Mark Goodwin Interviewed at Strange Alliances

Last week I posted an article about recording and some of the tools that might come in handy. An interview of contributor Mark Goodwin has recently been posted on Strange Alliances that partly continues this subject (about two-thirds of the way in). It’s an excellent interview on Mark’s motives, why he’s not a farmer, and on creativity in general. I encourage you take the time to read the whole thing.

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Connecting the Fragments

I have two books on William Blake by Ruthven Todd, one is about Blake the artist and one is about Blake the poet. Reading these books you’d think that there’d been two guys named William Blake who lived at the same time and same place but had never crossed paths. Blake was not a divided man, at least not in any creative sense: his poems and drawings were all serving the same purpose. To me, this is one of the symptoms of insanity in our culture, the need to fragment and specialize (where the means become the end).

For over 30 years I’ve wanted to produce books that combine all the media in which I work. Back then it was just a matter of words and images. It seemed to become even more of a pipe dream once I started recording. Always, it was beyond my means, where I would need the commitment and money of others—that is, a publisher.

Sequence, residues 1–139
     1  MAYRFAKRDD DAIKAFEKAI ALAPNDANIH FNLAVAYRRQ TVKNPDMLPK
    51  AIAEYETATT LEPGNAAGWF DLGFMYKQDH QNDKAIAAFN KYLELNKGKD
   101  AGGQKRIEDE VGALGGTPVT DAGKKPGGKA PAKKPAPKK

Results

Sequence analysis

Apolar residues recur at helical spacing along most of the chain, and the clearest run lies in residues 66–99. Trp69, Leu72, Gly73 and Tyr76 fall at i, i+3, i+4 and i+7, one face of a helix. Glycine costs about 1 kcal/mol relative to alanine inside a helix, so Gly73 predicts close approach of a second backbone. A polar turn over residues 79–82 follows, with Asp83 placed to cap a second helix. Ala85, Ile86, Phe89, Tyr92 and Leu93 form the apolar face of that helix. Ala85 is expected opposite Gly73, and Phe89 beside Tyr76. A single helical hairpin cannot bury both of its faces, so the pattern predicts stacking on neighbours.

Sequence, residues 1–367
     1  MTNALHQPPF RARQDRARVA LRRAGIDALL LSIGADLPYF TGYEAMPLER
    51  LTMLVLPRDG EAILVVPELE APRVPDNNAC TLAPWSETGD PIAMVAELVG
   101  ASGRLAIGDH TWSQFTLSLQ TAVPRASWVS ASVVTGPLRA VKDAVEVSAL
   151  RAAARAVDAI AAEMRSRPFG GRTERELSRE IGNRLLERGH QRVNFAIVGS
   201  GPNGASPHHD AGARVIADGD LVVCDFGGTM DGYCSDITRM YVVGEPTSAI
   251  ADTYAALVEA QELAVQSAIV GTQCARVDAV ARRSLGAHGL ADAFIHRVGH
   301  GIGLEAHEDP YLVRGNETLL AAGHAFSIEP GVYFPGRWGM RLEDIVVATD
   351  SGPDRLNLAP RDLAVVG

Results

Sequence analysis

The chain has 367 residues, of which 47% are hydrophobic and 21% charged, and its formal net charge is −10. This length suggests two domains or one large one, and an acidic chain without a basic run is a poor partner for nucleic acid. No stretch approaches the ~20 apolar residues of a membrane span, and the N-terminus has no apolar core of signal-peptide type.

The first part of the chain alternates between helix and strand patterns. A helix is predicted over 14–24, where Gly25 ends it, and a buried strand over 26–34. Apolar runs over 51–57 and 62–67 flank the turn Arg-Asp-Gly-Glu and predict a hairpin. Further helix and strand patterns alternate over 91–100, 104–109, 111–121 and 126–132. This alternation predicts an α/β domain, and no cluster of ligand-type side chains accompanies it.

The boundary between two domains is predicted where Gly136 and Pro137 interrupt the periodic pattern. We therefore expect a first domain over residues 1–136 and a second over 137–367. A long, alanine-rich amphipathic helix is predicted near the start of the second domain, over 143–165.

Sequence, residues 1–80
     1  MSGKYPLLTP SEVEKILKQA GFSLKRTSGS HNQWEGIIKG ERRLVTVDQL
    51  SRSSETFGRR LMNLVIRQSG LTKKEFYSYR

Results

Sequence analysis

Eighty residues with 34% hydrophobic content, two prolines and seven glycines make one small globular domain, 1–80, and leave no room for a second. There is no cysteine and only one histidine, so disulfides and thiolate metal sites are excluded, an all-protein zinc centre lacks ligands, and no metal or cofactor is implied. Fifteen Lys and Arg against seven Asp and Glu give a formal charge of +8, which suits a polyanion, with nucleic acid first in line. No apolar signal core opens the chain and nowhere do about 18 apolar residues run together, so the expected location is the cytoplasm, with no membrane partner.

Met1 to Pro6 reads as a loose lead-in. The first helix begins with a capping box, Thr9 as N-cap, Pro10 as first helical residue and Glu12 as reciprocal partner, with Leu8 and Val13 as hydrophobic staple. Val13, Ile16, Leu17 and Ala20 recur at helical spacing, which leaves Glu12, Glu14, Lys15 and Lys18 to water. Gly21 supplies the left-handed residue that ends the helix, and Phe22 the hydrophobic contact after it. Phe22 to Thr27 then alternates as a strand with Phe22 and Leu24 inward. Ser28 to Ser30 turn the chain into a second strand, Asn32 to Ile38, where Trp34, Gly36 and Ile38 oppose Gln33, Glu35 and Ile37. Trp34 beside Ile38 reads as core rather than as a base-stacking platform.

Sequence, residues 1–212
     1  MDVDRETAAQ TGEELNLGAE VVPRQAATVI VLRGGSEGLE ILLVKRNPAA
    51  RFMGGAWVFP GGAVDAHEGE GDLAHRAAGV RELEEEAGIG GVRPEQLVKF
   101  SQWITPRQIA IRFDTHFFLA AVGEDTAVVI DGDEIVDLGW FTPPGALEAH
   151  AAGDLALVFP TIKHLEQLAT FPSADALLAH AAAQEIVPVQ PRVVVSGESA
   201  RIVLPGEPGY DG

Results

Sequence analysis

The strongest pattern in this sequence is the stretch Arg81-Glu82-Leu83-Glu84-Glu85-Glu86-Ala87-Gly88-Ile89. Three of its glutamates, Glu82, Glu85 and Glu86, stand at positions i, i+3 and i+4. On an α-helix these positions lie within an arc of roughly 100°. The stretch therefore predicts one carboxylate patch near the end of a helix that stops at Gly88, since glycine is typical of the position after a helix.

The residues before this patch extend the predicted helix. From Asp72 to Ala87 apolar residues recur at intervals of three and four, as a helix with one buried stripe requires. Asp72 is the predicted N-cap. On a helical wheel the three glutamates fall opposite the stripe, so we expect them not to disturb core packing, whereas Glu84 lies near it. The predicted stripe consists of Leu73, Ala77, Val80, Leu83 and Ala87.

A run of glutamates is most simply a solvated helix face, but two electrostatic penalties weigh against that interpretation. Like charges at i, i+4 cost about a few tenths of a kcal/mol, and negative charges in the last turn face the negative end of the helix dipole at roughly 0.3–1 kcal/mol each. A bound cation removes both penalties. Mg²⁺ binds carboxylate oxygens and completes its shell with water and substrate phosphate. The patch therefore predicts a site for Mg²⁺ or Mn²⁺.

Just as we can all now be record producers in our own homes (and within the grandeur of our own minds), it is also easy to become your own publisher. And electronic publishing makes this a full-color operation immediately viewable online and downloadable. Even more wonderful, you can add audio and video. Sculptors, installation and performance artists, landscape artists and others creating immediate experiences and environments will still be limited to very meager recorded representations of their work. But for we flatlanders, we isolated recluses of the creative world, we who too often stick to the archaic media and craft of, say, painting and poetry, there is hope.

Years ago I worked as a silkscreen printer, where I was introduced to early incarnations of digital publishing via Photoshop and QuarkXPress. Since about 2003 or 2004 I’ve been using Adobe’s Creative Suite, which means I switched from QuarkXPress to InDesign. This really hasn’t amounted to anything except a few individually distributed book/CD compilations for friends (or victims, as they might seem) and a lot of debt. I was always tempted by the possibilities of the software but without a public presence and connections it was just a very strange form of self-pleasuring.